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1990 500SL
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Discussion Starter · #1 ·
I have a 90 500SL and my alarm isnt working at all. i can reach in the window with the doors locked via transmitter and unlock the doors and open it. no alarm will sound. any one have any idea where i should start looking for problems? i have already checked all fuses.

Thanks,
Devon
 

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1990 500SL
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Discussion Starter · #3 ·
i waited a hour lol
 

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2005 SL600, (2) 2003 SL500
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Have you tried opening both left and right doors? And have you tried opening the hood? If "yes" to these questions and still no alarm, try locking the car with the key at the driver's door and then check for an alarm when you open. Repeat for the passenger door and the trunk locks.

Finally, check fuse #5 in the trunk very carefully, since it powers the ATA module...It's behind a black plastic cover by the right trunk lid hinge.
 

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Strange this. My '90 300 doesn't have an alarm as far as I know. Was it an option, or only standard on 500's?
 

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All North American cars have a security system, and I think it is standard on all others as well. If you have a module in your trunk like the one pictured (N26), then you have the system. If you have one that does not work, it is simple to troubleshoot. For help I would suggest starting a new thread.
 

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1990 500SL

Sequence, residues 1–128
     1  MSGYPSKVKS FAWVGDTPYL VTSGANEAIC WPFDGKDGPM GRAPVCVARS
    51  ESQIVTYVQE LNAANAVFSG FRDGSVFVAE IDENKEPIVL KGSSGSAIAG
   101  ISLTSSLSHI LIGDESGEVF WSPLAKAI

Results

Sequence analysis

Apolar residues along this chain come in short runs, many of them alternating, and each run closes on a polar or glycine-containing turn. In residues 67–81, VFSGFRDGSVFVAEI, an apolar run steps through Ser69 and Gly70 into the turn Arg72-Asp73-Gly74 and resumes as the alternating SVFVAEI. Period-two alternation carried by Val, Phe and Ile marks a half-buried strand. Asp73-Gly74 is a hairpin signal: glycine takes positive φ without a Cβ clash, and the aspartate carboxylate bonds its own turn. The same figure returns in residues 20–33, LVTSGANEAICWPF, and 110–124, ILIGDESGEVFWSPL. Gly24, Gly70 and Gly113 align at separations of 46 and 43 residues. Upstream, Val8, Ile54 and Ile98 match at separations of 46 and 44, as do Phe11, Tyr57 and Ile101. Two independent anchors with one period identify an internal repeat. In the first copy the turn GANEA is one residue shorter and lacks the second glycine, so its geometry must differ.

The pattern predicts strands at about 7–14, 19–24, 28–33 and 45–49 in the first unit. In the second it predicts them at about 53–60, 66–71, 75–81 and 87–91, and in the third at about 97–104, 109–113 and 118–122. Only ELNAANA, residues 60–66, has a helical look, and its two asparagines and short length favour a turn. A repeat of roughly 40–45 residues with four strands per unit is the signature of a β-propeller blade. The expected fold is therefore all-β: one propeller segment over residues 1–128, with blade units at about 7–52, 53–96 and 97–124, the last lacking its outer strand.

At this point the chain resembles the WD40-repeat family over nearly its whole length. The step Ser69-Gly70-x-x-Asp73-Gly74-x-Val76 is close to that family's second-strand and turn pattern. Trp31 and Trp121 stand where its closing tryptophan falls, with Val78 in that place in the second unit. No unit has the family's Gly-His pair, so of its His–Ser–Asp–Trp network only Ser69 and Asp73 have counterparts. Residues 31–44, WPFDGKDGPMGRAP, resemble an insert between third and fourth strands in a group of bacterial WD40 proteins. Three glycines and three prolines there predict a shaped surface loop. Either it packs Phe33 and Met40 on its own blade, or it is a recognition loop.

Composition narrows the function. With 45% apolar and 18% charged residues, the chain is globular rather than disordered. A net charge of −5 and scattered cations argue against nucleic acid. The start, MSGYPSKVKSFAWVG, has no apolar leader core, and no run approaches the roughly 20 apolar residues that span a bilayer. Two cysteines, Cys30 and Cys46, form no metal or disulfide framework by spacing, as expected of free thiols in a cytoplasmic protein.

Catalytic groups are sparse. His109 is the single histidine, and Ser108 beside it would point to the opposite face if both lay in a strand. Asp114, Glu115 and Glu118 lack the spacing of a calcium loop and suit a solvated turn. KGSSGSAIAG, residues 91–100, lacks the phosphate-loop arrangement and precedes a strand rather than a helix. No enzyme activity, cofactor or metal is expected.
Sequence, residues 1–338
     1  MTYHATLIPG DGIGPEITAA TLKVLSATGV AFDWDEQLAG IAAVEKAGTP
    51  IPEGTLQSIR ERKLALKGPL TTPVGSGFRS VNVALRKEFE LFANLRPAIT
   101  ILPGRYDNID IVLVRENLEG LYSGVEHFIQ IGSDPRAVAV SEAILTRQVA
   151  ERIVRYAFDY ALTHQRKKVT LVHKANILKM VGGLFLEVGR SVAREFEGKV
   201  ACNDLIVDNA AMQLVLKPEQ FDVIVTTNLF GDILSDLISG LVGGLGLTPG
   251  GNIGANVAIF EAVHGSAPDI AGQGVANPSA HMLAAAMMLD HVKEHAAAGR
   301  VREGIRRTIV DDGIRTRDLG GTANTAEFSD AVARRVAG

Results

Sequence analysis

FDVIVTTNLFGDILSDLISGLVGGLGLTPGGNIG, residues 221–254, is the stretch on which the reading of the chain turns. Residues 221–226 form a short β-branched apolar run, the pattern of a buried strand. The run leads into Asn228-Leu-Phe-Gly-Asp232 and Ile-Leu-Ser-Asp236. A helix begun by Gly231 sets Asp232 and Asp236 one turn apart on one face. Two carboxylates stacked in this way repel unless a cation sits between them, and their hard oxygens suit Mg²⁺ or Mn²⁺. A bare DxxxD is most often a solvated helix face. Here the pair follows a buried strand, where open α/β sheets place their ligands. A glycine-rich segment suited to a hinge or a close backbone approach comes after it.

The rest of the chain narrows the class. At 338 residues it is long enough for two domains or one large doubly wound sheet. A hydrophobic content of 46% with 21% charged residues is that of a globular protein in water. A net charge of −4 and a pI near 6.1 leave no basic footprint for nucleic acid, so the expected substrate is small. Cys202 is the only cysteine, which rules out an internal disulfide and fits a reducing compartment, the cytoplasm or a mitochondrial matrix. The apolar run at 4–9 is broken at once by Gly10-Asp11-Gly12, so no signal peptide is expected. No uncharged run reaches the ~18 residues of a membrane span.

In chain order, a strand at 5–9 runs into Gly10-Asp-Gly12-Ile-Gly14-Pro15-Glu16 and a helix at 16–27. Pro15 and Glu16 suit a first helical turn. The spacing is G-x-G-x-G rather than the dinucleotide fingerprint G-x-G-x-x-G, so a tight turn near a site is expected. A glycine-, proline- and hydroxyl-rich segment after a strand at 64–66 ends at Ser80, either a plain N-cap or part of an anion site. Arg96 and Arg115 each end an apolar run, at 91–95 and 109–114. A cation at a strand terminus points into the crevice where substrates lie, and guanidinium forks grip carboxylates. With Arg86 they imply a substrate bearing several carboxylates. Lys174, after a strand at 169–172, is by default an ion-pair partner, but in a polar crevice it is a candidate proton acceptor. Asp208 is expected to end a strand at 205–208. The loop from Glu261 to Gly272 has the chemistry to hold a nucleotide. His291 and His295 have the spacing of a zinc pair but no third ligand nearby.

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Discussion Starter · #7 ·
tried it from both doors and hood. no alarm..../?
 

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Next step I would try is to check the Anti-theft Alarm system for diagnostic codes. Read codes, erase all of them, repeat several of the actions which ought to trigger an alarm, and then go back and read codes once more. Report back what you find.

For this test, the diagnostic socket is #11, battery voltage is #16, and chassis ground is #1. I have attached a picture of X11/4 on your car. Refer to the general procedure which follows.

The code retrieval system generally works up to model-year 1996. After this time it is necessary to have an advanced scan tool to read most systems.

The diagnostics are wired to sockets of the car's main "diagnostic connector", X11/4. Early cars with continuous-fuel injection have 16 sockets, while later models have 38 sockets. The sockets are numbered, and each system has a single, dedicated socket for its diagnostics. For example: on a 1990 SL, socket #3 is for the fuel injection, #7 is for the roll bar controller, and #8 is the ignition.

Codes must be read one at a time. That is, you ask the system to issue a code, you read the code, you ask for another code, and so on. You ask a particular system for a code by electrically shorting its diagnostic socket to ground for 2 to 4 seconds. A second or two after the short is removed, a series of electrical pulses will appear at the socket. The number of pulses corresponds to the number of a code. The ignition must be switched-on for the code reading process.

Electrically, the voltage on a socket is normally high. Of course, with the short to ground in place it is forced low. Once the short is removed, the voltage momentarily returns high. The pulses which follow are transitions from high voltage to low voltage.

There are many ways to view the pulses for counting and reading codes. The simplest and recommended method is to connect an LED in series with a resistor between battery voltage and the diagnostic socket. I like to use an LED from Radio Shack (part 276-209) because it has the resistor built-in and costs less than $2. If you use a different LED and an external resistor, the value of the resistor ought to be between 470 and 2.2K ohms.

For convenience, the X11/4 connector has a socket wired to battery voltage and another wired to chassis ground. Also, you may wish to get some banana plugs for making connections.